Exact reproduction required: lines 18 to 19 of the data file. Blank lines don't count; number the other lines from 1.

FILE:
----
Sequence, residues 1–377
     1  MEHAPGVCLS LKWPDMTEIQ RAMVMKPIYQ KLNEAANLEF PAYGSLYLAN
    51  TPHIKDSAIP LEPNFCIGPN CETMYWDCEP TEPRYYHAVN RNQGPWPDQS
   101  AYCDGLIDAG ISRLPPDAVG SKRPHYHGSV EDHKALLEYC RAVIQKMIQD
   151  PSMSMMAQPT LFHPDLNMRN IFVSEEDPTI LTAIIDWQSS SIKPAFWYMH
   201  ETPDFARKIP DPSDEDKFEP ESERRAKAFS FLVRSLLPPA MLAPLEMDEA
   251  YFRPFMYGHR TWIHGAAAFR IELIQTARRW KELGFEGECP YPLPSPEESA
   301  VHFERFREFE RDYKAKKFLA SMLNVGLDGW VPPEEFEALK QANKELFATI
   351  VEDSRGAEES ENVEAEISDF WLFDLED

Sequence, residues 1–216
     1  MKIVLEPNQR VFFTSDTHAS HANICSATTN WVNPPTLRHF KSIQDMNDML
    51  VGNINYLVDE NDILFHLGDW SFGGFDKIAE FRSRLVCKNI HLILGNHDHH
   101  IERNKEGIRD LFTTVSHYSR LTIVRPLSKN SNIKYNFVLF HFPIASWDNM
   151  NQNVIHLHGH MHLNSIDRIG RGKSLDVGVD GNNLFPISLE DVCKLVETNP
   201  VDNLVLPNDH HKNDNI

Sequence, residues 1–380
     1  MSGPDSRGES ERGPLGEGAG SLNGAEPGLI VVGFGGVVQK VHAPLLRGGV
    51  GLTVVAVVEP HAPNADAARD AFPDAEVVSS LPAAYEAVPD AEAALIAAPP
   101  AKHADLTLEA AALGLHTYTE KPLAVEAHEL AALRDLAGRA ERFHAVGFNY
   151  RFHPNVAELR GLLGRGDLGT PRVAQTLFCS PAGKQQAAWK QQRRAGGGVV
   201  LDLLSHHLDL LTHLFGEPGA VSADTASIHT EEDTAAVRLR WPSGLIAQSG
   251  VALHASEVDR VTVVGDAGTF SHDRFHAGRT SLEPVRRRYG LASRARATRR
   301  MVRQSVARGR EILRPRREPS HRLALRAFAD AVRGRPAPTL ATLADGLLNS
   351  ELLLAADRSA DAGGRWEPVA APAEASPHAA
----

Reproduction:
    51  GLTVVAVVEP HAPNADAARD AFPDAEVVSS LPAAYEAVPD AEAALIAAPP
   101  AKHADLTLEA AALGLHTYTE KPLAVEAHEL AALRDLAGRA ERFHAVGFNY